You started in the corporate world, what did that look like?
I worked with the Hyatt Corporation in accounting and finance at a couple different hotels down in the US, I then travelled to Japan to teach English. When I came back I started working as a Recruiter for a headhunting company in Canada and then I moved into working at KPMG, which provides Audit, Tax and Advisory services.
Were there skills from that life that you brought to Fire and Flux?
For sure, the financial aspect helps with running my own company. I have always dabbled in some form of art though, whether it was décor or painting, I have always loved art. When I starting my career, I was encouraged to go the corporate route to have more stability, so I did that. Once I had my kids that is when I dove into my company, as they started daycare, just 2 days a week I would work on my art, and as they went into school I got more time to develop Fire and Flux.
Why the name Fire and Flux?
When I was trying to think of a name, I reached out to a neighbour friend who runs a marketing company, and I threw him a bunch of words that were associated with pottery. Fire being the kiln and Flux being the material you use to help the glaze adhere to the pottery and that is how it came fire & flux Studios.
On your site I read you started taking night classes to learn pottery, was it a creative outlet to start or did you know you wanted to make it your new career?
When my second child was 6 months, I needed something that was my own and that got me out of the house, which is when I started taking a night class at the Mississauga Centre for the Arts. I started there one night a week, then two nights a week and then eventually I joined the Mississauga Potters Guild which allowed me to go in and out of the studio at any time, and it was all about practicing. I was really drawn to the clay and I knew I needed more practice, honestly, I am still mastering it, I still have flops. In the end it came about organically, I got hooked and then I thought maybe I could do this!
What is the process of creating one of your pieces?
I buy boxed clay locally, stoneware and porcelain clay bodies. I start by wedging the clay, weighing amount and forming into balls to start the throwing process. Some pieces are wheel thrown and others are handmade; they need to dry out for a day or so before trimming happens and then left to dry to a “bone dry” state. Next would be a bisque firing in the kiln, this process almost petrifies the clay, it is still water absorbent which allows you to glaze to adhere to it. They are then washed, sanded and glazed and fired a second time. This process can take 2-4 weeks as I fill the kiln before firing so many small batches of work make up a kiln load.
Do you have your own studio or work out of a shared space?
In 2012 I had been doing pottery for 3 ½ years, and I wanted to start to sell my designs so, we converted one of our storage rooms in our house into my studio. The kiln is located a converted cold storage room and vented outside.
Do you design a pattern or have a general idea or do you just create as you go?
I don’t use molds, you can and some potters do, but I form each one by hand, so each one is unique. There is a lot to take in to account when working with clay. It shrinks because of the firings, so a 7” tumbler will actually end up 5.5”, it shrinks about 10%. Through testing you figure out how much you need to start with to help create you end product.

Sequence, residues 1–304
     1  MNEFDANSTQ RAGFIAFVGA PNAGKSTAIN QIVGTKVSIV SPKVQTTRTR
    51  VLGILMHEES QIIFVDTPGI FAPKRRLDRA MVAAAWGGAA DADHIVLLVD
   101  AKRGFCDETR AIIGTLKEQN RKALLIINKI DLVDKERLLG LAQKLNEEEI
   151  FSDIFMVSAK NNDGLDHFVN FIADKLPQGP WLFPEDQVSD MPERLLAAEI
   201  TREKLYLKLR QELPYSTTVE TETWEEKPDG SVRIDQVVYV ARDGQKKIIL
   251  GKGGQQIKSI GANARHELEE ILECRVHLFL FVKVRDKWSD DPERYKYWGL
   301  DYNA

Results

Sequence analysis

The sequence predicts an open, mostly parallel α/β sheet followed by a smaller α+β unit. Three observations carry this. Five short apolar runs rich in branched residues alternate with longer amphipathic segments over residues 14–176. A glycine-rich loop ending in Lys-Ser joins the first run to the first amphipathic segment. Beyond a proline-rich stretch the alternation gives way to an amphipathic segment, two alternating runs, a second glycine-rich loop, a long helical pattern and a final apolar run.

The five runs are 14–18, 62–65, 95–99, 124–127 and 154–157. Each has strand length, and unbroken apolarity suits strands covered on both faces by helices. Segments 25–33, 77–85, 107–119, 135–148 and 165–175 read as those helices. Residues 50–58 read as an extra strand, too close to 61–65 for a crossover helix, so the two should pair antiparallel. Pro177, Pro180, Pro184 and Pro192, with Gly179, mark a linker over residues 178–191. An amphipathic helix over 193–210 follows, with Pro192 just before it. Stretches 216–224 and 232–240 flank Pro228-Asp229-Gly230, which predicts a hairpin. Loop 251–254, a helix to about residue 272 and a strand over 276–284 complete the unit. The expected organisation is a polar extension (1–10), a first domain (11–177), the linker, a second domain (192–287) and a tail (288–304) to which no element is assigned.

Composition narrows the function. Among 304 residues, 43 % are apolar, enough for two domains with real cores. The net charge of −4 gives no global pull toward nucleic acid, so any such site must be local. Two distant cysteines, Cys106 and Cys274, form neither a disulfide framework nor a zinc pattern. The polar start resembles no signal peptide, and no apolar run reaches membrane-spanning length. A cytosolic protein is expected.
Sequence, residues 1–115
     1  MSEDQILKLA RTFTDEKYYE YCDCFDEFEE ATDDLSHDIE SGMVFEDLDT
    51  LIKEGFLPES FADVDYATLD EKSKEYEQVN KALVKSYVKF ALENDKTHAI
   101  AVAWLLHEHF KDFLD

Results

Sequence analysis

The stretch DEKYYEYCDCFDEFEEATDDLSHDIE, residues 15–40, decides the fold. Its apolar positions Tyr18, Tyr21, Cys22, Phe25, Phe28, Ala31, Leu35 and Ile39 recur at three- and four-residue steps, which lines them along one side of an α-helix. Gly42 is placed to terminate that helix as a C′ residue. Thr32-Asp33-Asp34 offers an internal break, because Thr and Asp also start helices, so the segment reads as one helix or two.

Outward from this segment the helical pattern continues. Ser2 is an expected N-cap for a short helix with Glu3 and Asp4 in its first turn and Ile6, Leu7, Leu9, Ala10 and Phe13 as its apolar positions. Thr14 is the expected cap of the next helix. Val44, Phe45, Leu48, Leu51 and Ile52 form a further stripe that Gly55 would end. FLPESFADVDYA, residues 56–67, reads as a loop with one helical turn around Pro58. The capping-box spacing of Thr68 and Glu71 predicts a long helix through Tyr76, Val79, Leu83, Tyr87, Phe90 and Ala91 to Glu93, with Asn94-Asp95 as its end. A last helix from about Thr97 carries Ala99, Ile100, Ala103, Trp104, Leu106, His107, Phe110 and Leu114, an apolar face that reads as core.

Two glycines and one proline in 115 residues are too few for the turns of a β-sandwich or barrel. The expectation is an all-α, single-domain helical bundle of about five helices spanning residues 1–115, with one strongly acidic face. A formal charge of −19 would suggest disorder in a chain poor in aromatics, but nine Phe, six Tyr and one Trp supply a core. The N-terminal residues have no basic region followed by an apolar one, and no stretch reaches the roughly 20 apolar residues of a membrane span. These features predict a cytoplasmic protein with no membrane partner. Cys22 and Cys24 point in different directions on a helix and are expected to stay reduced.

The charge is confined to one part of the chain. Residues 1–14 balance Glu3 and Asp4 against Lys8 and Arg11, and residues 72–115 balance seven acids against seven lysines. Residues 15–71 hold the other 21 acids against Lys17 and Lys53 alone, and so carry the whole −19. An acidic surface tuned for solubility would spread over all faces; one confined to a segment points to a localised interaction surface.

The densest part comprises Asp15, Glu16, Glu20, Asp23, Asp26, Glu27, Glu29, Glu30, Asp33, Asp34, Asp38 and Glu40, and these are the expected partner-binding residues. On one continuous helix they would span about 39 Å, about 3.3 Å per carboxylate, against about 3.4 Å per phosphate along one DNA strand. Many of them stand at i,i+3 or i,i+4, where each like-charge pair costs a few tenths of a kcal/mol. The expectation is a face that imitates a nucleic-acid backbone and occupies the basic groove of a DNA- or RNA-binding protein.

The Fire and Flux aesthetic is natural and contemporary is that reflected of your aesthetic?
I started the Agate Collection, which is the black and white line, back in 2012, I loved the simplicity and uniqueness of each one. Then I moved into the Grijs line, to use up all my trimmings and waste from my Agate line - so I was reclaiming clay instead of tossing it. I do like simple forms, when you have a big bowl for example, yes you want it to look beautiful, but it is really what is in the bowl that should shine and be beautiful, so I try and keep fire & flux aesthetic natural looking.
My own home is very bohemian, totally opposite of what I produce, but that is what I want to strive for is the contemporary, modern feel.
When I received my order from you I was SO happy to see that the packing peanuts were eco-friendly, what other measures do you take to make Fire and Flux good for the environment.
Being eco-friendly is a huge part of my company and in daily life as well. I have moved away from plastic wrap and bags and when I ship it is often in recycled box. It is hard when you make pieces for selling, we are contributing to consumerism, but I want to be as conscious about this as possible. I am not a brand where I want you to buy 50 of my pieces, so I want to be as conscious about my “waste” as possible.
Do you have any new products you are working on?
I have been working with imprinting lace doilies on my pieces. I am still perfecting the process and figuring out what glaze will look best. I am also working towards more neutrals so that will be in the shop more and more.
What are you currently reading?
I am reading Ken Follett, Fall of the Giants it is a trilogy starting in the 1920’s, I also have recently read The Wine Makers Wife which is a great read.
Talking with Keri was so lovely, her pieces are incredible and you can tell so much thought goes into each piece. Fire and Flux offers tumblers, bowls, plates and platters, utensil holders and all come in a gorgeous array of neutrals. I was thrilled with my purchase back in the Fall and it was made more special when you could see that the environment was taken into consideration with her packaging as well. Make sure to check out Fire and Flux to see all the gorgeous pieces Keri makes.